SK Hynix Launches Its 8Gb GDDR6 Memory Running at 14 Gbps

Subject: Graphics Cards, Memory | January 24, 2018 - 11:04 PM |
Tagged: SK Hynix, graphics memory, gddr6, 8gb, 14Gbps

SK Hynix recently updated its product catalog and announced the availability of its eight gigabit (8 Gb) GDDR6 graphics memory. The new chips come in two SKUs and three speed grades with the H56C8H24MJR-S2C parts operating at 14 Gbps and 12 Gbps and the H56C8H24MJR-S0C operating at 12 Gbps (but at higher voltage than the -S2C SKU) and 10 Gbps. Voltages range from 1.25V for 10 Gbps and either 1.25V or 1.35V for 12 Gbps to 1.35V for 14 Gbps. Each 8 Gb GDDR6 memory chip holds 1 GB of memory and can provide up to 56 GB/s of per-chip bandwidth.

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While SK Hynix has a long way to go before competing with Samsung’s 18 Gbps GDDR6, its new chips are significantly faster than even its latest GDDR5 chips with the company working on bringing 9 Gbps and 10 Gbps GDDR5 to market. As a point of comparison, its fastest 10 Gbps GDDR5 would have a per chip bandwidth of 40 GB/s versus its 14 Gbps GDDR6 at 56 GB/s. A theoretical 8GB graphics card with eight 8 Gb chips running at 10 Gbps on a 256-bit memory bus would have maximum bandwidth of 320 GB/s. Replacing the GDDR5 with 14 Gbps GDDR6 in the same eight chip 256-bit bus configuration, the graphics card would hit 448 GB/s of bandwidth. In the Samsung story I noted that the Titan XP runs 12 8 Gb GDDR5X memory chips at 11.4 Gbps on a 384-bit bus for bandwidth of 547 GB/s. Replacing the G5X with GDDR6 would ramp up the bandwidth to 672 GB/s if running the chips at 14 Gbps.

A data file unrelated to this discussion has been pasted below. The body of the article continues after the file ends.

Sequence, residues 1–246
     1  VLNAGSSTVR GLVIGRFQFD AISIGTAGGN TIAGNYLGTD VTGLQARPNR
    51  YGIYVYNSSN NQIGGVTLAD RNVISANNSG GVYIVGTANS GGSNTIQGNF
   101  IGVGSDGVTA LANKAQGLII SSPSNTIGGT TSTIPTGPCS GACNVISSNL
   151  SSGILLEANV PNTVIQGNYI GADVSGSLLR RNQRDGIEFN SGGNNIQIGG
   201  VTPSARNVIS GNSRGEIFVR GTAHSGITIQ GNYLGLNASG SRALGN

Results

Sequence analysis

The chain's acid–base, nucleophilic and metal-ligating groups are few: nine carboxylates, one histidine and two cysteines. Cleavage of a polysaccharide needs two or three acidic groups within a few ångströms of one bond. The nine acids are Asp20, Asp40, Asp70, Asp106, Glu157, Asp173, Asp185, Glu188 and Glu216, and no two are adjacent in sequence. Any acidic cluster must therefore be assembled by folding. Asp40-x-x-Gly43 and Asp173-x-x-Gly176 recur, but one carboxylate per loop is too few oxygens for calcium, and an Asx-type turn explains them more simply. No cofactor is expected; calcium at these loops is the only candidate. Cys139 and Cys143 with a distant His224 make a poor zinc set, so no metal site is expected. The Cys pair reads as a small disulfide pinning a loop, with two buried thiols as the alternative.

Theoretical Memory Bandwidth
Chip Pin Speed Per Chip Bandwidth 256-bit bus 384-bit bus 1024-bit (one package) 4096-bit (4 packages)
10 Gbps 40 GB/s 320 GB/s 480 GB/s    

12 Gbps

48 GB/s 384 GB/s 576 GB/s    
14 Gbps 56 GB/s 448 GB/s 672 GB/s    
16 Gbps 64 GB/s 512 GB/s 768 GB/s    
18 Gbps 72 GB/s 576 GB/s 864 GB/s    
HBM2 2 Gbps 256 GB/s     256 GB/s 1 TB/s

GDDR6 is still a far cry from High Bandwidth Memory levels of performance, but it is much cheaper and easier to produce. With SK Hynix ramping up production and Samsung besting the fastest 16 Gbps G5X, it is likely that the G5X stop-gap will be wholly replaced with GDDR6 and things like the upgraded 10 Gbps GDDR5 from SK Hynix will pick up the low end. As more competition enters the GDDR6 space, prices should continue to come down and adoption should ramp up for the new standard with the next generation GPUs, game consoles, network devices, ect. using GDDR6 for all but the highest tier prosumer and enterprise HPC markets.

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January 25, 2018 | 06:59 AM - Posted by Martin (not verified)

GDDR6 is still a far cry from High Bandwidth Memory levels of performance, but it is much cheaper and easier to produce.The table just above that statement counters it somewhat nicely. Unless someone does 512-bit bus, 4-package HBM2 does have more bandwidth but 1/2/3-package HBM2 2 Gbps configuration does have a suitable match in reasonable bus width GDDR6 configurations.

January 25, 2018 | 11:58 AM - Posted by ThatDemandIsSettingGPUsPricingCurrently (not verified)

And GDDR6's cost savings will not be passed on to consumers as the GPU's price currently is set by supply and demand pricing(Mining)! So the GPU may as well use the more expensive HBM2 as that cost is not so big relative to the overall demand pricing on GPU currently.

The only reason for GPU makers/AIB partenrs to use GDDR6 is going to be if there can not be any HBM2 sourced and makers have no choice in the matter. Either way GPU pricis will remain high so the consumer will not see any savings from GDDR6.

January 25, 2018 | 03:07 PM - Posted by pessimisticobserver (not verified)